Listening to the people we interviewed, we found it difficult to pull their words into the explanations offered by those scholars who had never talked to a Mr. Lai or a Chairman T, or any other businessperson for that matter. Most of these standard interpretations were removed from the people who actually ran the economy, made the decisions, propelled the continuing transformation, and got their hands dirty in the details of business. Lofty explanations require lofty heights, not necessarily ivory towers, but at least comfortable locations in capital cities and congenial conversations with key officials who are willing to take the credit for making crucial decisions that businesspeople like Mr. Lai and Chairman T have never heard of or that have any measurable influence on the decisions they make. These explanations are basically static, the unmoved causes that push development forward—the state, social institutions, such as the family, even global economic incentives.
The cause of our skepticism with the contending alternatives, including some of our own previous work, was the continual process of economic change that we witnessed. It became apparent, throughout the period of our collaboration, that there is nothing static about Asian economies. From the perspective of businesspeople, nothing stands still, no decision is final, everything is in flux, no one can rest. Trade statistics confirm what businesspeople tell us. Taiwan’s economy has gone through tremendous changes in the past four decades, and not just Taiwan’s. All the economies of Asia have changed, as have the economies of most countries in the world, and the past four decades have been the most extraordinary. Mainland China is today’s best example of such a rapid transformation, but China’s export economy is merely a continuation of a pattern that other East Asian countries started in previous decades.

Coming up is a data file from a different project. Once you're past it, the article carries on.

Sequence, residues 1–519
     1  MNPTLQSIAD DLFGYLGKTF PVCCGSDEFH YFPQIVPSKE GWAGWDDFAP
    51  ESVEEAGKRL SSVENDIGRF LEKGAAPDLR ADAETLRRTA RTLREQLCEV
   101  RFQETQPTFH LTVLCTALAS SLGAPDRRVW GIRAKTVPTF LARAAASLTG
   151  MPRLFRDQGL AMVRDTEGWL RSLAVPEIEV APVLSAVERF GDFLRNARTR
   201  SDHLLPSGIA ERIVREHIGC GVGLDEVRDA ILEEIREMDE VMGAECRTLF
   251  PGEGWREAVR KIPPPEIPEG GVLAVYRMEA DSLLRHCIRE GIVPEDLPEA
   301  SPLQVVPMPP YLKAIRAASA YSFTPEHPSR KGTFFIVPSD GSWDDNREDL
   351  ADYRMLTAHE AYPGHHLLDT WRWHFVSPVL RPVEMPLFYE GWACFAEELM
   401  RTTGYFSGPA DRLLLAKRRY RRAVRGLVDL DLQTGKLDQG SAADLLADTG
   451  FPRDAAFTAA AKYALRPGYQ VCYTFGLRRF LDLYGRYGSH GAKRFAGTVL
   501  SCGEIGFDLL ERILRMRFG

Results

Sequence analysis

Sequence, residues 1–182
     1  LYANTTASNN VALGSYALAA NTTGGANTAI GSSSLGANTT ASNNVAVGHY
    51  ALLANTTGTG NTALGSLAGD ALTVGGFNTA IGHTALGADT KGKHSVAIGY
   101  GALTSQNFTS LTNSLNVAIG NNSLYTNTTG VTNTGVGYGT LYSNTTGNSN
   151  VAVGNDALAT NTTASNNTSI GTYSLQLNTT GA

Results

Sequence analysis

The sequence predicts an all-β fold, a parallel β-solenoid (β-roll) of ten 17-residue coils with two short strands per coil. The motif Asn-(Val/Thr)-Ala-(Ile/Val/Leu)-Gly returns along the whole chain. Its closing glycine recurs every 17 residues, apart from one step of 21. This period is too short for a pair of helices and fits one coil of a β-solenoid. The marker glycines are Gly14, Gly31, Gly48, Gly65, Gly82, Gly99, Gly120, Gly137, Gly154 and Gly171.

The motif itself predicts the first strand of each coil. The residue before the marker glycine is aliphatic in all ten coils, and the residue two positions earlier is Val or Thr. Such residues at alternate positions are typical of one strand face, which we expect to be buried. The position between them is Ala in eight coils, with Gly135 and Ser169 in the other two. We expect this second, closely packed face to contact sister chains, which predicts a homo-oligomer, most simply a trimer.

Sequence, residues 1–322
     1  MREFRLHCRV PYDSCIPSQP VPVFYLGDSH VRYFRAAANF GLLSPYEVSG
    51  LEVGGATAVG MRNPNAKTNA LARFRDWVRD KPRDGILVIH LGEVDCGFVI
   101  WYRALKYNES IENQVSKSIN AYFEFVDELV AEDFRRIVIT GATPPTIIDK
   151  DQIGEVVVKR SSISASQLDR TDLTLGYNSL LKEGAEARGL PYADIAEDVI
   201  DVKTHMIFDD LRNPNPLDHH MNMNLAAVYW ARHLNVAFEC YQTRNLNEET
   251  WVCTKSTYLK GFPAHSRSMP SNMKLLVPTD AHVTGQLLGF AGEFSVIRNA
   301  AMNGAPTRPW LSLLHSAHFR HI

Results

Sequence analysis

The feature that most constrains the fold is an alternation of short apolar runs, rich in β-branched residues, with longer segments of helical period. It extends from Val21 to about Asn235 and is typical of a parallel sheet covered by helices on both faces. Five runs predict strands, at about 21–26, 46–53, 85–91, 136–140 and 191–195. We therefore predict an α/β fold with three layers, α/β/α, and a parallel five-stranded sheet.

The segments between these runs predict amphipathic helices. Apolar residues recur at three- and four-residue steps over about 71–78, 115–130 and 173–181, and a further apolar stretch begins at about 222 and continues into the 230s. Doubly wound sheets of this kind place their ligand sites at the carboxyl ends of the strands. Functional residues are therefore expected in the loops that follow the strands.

On the surface, these Asian economies appear remarkably successful, but if we dig deeper, for every firm that is successful and profitable, we find many other firms that fail. During the years of its most rapid growth, Taiwan had tremendously high rates of firm failure, especially if one counts those firms that simply closed their doors without any of the legal formalities that accompany bankruptcies in the United States or Europe.13 Taiwanese businesspeople recognize that success and failure are constant companions, that any firm, large or small, can be forced to close its doors. This awareness seems to be a primary motivation to keep moving forward, to keep just in front of the curve of advancing markets. None of the contending explanations does justice to the dynamism that pervades all the economies of Asia and the rest of the world as well.